Pluto is a mysterious world. Located on the fringes of our solar system, beyond the orbit of Neptune, the dwarf planet is caked in exotic ice formations unlike anything we’ve ever seen — either on Earth or on other planets that we’ve explored so far.
These strange icy structures, dubbed “washboard” and “fluted” terrains, consist of a series of frozen ridges aligned in parallel with each other — all bizarrely oriented in the same direction, from east-northeast to west-southwest.
The peculiar landforms are mostly concentrated on the border of Sputnik Planitia, an ancient basin of nitrogen ice plains commonly referred to as Pluto’s “heart” due to its evocative shape, imaged here by NASA’s New Horizon spacecraft.
Stretching along the northwest margin of the basin, these distinctive landscapes “are among the most enigmatic landforms yet seen on Pluto,” argues a recent paper, published on Monday in the journal Nature Astronomy. The document is a letter authored by Oliver White, a scientist at the SETI Institute, who took an in-depth look at the washboard and fluted terrains on Pluto to understand how they came to be.
Working together with scientists from NASA’s Ames Research Center, White examined the shape and dimensions of the intriguing landforms and discovered new clues about their origin. According to their findings, these distinctive formations, which are unique to Pluto, may have formed during an “ancient glaciation” period in the dwarf planet’s distant past, reports Phys.org.
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The team looked at images from the New Horizons spacecraft — which in 2015 performed a historic flyby of Pluto and its moon Charon, as previously reported by the Inquisitr — and used them to map the washboard and fluted terrains discovered on Pluto. Their effort, coupled with topographic maps previously created from New Horizon data, revealed that these features occur at specific locations near the edge of Sputnik Planitia.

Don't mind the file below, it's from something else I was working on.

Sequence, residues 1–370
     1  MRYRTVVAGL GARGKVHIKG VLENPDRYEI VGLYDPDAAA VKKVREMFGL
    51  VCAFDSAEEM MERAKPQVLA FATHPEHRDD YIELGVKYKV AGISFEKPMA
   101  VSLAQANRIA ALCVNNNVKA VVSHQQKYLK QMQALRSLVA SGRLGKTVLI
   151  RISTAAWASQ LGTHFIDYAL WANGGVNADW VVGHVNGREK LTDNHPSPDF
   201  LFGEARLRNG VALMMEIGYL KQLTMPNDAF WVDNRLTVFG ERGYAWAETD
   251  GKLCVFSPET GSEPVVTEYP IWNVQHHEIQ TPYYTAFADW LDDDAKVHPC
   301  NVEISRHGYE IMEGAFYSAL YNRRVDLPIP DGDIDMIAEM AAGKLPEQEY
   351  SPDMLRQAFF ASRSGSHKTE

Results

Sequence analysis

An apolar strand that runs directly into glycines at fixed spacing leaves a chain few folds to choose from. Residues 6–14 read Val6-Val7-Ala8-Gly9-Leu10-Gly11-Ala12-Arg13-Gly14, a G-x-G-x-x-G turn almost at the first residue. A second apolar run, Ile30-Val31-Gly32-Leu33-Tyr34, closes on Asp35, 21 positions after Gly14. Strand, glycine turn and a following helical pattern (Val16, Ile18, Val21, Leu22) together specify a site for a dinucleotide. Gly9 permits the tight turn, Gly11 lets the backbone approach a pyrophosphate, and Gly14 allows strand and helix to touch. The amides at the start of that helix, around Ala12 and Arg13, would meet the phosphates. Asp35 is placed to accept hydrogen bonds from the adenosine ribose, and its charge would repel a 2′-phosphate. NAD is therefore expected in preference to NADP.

“Washboard terrain occurs in level topographic settings within valley floors, basins, and uplands, while fluted terrain is seen on steeper spurs, massifs, and crater walls that separate basins and valleys,” explains NASA. “These terrains occur at the location on Sputnik Planitia’s perimeter where elevations and slopes leading into the surrounding uplands are lowest, and also where a major tectonic system coincides with the edge of Sputnik Planitia.”
This has prompted the scientists to speculate that the frozen ridges outside of the basin were formed after a major surface change on Pluto, fueled by the movement of its tectonic plates. This event likely occurred before the creation of the Sputnik basin — which appeared roughly 4 billion years ago, when a giant asteroid crashed into Pluto.
At the time, the area was covered in nitrogen ice glaciers, which subsequently disappeared, giving way to elongated sublimation pits — depressions in Pluto’s surface created where ice turns directly into a gas. Once the glaciers retreated, the leftover nitrogen ice debris accumulated at the edge of the basin — which is found at lower altitudes than the surrounding terrain — thereby giving rise to the puzzling ice formations.
“After the nitrogen ice receded via sublimation, the debris was left as the aligned ridges — washboard where deposited on flat terrain and fluted where deposited on steeper slopes,” notes NASA.
Their specific orientation, which occurs consistently in all these landforms, suggests that the phenomenon responsible for their creation was a global-scale process.
“These terrains constitute an entirely new category of glacial landform that is unique to Pluto, and represent geological evidence that nitrogen ice glaciation was more widespread across Pluto in its early history prior to the formation of the Sputnik basin,” concludes White.